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Building toolkits for COPD exacerbations: Lessons from the past and present

Building toolkits for COPD exacerbations: Lessons from the past and present
Building toolkits for COPD exacerbations: Lessons from the past and present

In the nineteenth century, it was recognised that acute attacks of chronic bronchitis were harmful. 140 years later, it is clearer than ever that exacerbations of chronic obstructive pulmonary disease (ECOPD) are important events. They are associated with significant mortality, morbidity, a reduced quality of life and an increasing reliance on social care. ECOPD are common and are increasing in prevalence. Exacerbations beget exacerbations, with up to a quarter of in-patient episodes ending with readmission to hospital within 30 days. The healthcare costs are immense. Yet despite this, the tools available to diagnose and treat ECOPD are essentially unchanged, with the last new intervention (non-invasive ventilation) introduced over 25 years ago. An ECOPD is 'an acute worsening of respiratory symptoms that results in additional therapy'. This symptom and healthcare utility-based definition does not describe pathology and is unable to differentiate from other causes of an acute deterioration in breathlessness with or without a cough and sputum. There is limited understanding of the host immune response during an acute event and no reliable and readily available means to identify aetiology or direct treatment at the point of care (POC). Corticosteroids, short acting bronchodilators with or without antibiotics have been the mainstay of treatment for over 30 years. This is in stark contrast to many other acute presentations of chronic illness, where specific biomarkers and mechanistic understanding has revolutionised care pathways. So why has progress been so slow in ECOPD? This review examines the history of diagnosing and treating ECOPD. It suggests that to move forward, there needs to be an acceptance that not all exacerbations are alike (just as not all COPD is alike) and that clinical presentation alone cannot identify aetiology or stratify treatment.

copd exacerbations, emphysema, innate immunity
0040-6376
Sapey, Elizabeth
7e4891fd-1941-4b33-9cc6-e2c2acaa20c9
Bafadhel, Mona
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Bolton, Charlotte Emma
df4a70b2-faf9-4306-8089-cf36adc303d1
Wilkinson, Thomas
8c55ebbb-e547-445c-95a1-c8bed02dd652
Hurst, John R.
37c4256e-b20f-4df0-ada0-cf3cbd59ecdf
Quint, Jennifer K.
22800655-8987-4464-8385-7f08860c92f9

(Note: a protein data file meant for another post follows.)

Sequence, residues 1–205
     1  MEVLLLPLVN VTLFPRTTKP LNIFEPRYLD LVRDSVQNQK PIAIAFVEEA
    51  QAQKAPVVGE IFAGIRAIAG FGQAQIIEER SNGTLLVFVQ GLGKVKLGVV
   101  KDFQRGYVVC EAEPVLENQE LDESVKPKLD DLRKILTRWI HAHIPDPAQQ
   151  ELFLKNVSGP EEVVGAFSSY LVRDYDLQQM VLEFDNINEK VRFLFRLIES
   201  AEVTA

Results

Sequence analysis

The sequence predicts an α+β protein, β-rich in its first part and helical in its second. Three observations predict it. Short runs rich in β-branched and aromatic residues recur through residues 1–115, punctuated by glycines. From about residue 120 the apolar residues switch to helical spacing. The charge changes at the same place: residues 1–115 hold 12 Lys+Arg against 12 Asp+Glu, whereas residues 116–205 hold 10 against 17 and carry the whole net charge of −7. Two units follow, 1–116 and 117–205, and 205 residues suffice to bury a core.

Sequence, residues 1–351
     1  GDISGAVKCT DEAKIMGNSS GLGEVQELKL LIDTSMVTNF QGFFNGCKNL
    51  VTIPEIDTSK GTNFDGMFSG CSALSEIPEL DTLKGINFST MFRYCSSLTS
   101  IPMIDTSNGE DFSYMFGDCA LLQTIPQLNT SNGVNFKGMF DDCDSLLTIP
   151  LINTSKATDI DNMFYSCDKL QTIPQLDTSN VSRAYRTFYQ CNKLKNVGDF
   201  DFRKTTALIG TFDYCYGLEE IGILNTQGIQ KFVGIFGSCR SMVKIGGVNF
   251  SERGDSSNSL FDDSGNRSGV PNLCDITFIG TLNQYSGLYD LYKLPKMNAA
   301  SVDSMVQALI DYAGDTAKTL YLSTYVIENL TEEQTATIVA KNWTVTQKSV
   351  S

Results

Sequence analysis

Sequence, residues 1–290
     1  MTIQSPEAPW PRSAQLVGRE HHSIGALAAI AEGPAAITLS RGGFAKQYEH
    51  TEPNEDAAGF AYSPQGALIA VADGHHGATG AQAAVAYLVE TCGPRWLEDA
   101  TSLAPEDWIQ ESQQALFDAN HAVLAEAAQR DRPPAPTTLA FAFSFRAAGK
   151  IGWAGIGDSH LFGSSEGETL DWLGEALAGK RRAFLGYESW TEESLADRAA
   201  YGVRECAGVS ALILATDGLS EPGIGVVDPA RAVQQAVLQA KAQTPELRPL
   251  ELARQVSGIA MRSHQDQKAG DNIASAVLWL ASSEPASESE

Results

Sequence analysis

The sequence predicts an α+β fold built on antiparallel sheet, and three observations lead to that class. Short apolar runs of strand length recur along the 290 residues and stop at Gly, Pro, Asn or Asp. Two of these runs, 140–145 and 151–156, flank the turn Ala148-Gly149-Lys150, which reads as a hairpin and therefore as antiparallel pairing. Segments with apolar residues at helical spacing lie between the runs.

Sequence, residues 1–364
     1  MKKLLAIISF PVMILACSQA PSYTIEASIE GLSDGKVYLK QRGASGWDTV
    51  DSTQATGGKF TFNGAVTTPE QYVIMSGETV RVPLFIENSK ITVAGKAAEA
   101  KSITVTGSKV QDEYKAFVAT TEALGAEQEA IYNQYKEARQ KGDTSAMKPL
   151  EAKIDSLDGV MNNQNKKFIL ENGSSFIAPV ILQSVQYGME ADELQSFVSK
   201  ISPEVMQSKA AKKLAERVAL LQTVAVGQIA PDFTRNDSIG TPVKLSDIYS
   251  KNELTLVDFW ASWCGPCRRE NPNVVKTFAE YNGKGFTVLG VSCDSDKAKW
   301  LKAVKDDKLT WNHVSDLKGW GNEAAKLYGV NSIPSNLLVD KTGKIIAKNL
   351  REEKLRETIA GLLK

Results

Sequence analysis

Sapey, Elizabeth
7e4891fd-1941-4b33-9cc6-e2c2acaa20c9
Bafadhel, Mona
2b47e6b0-24d0-4cd1-9b2c-51b4894564f2
Bolton, Charlotte Emma
df4a70b2-faf9-4306-8089-cf36adc303d1
Wilkinson, Thomas
8c55ebbb-e547-445c-95a1-c8bed02dd652
Hurst, John R.
37c4256e-b20f-4df0-ada0-cf3cbd59ecdf
Quint, Jennifer K.
22800655-8987-4464-8385-7f08860c92f9

Sapey, Elizabeth, Bafadhel, Mona, Bolton, Charlotte Emma, Wilkinson, Thomas, Hurst, John R. and Quint, Jennifer K. (2019) Building toolkits for COPD exacerbations: Lessons from the past and present. Thorax. (doi:10.1136/thoraxjnl-2018-213035).

Record type: Review

Abstract

In the nineteenth century, it was recognised that acute attacks of chronic bronchitis were harmful. 140 years later, it is clearer than ever that exacerbations of chronic obstructive pulmonary disease (ECOPD) are important events. They are associated with significant mortality, morbidity, a reduced quality of life and an increasing reliance on social care. ECOPD are common and are increasing in prevalence. Exacerbations beget exacerbations, with up to a quarter of in-patient episodes ending with readmission to hospital within 30 days. The healthcare costs are immense. Yet despite this, the tools available to diagnose and treat ECOPD are essentially unchanged, with the last new intervention (non-invasive ventilation) introduced over 25 years ago. An ECOPD is 'an acute worsening of respiratory symptoms that results in additional therapy'. This symptom and healthcare utility-based definition does not describe pathology and is unable to differentiate from other causes of an acute deterioration in breathlessness with or without a cough and sputum. There is limited understanding of the host immune response during an acute event and no reliable and readily available means to identify aetiology or direct treatment at the point of care (POC). Corticosteroids, short acting bronchodilators with or without antibiotics have been the mainstay of treatment for over 30 years. This is in stark contrast to many other acute presentations of chronic illness, where specific biomarkers and mechanistic understanding has revolutionised care pathways. So why has progress been so slow in ECOPD? This review examines the history of diagnosing and treating ECOPD. It suggests that to move forward, there needs to be an acceptance that not all exacerbations are alike (just as not all COPD is alike) and that clinical presentation alone cannot identify aetiology or stratify treatment.

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More information

Accepted/In Press date: 5 May 2019
e-pub ahead of print date: 3 July 2019
Keywords: copd exacerbations, emphysema, innate immunity

Identifiers

Local EPrints ID: 432857
URI: http://eprints.soton.ac.uk/id/eprint/432857
ISSN: 0040-6376
PURE UUID: 876da71a-b384-4469-b7e4-d034cf11eb6e

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Date deposited: 31 Jul 2019 16:30
Last modified: 25 Nov 2021 19:50

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Contributors

Author: Elizabeth Sapey
Author: Mona Bafadhel
Author: Charlotte Emma Bolton
Author: John R. Hurst
Author: Jennifer K. Quint

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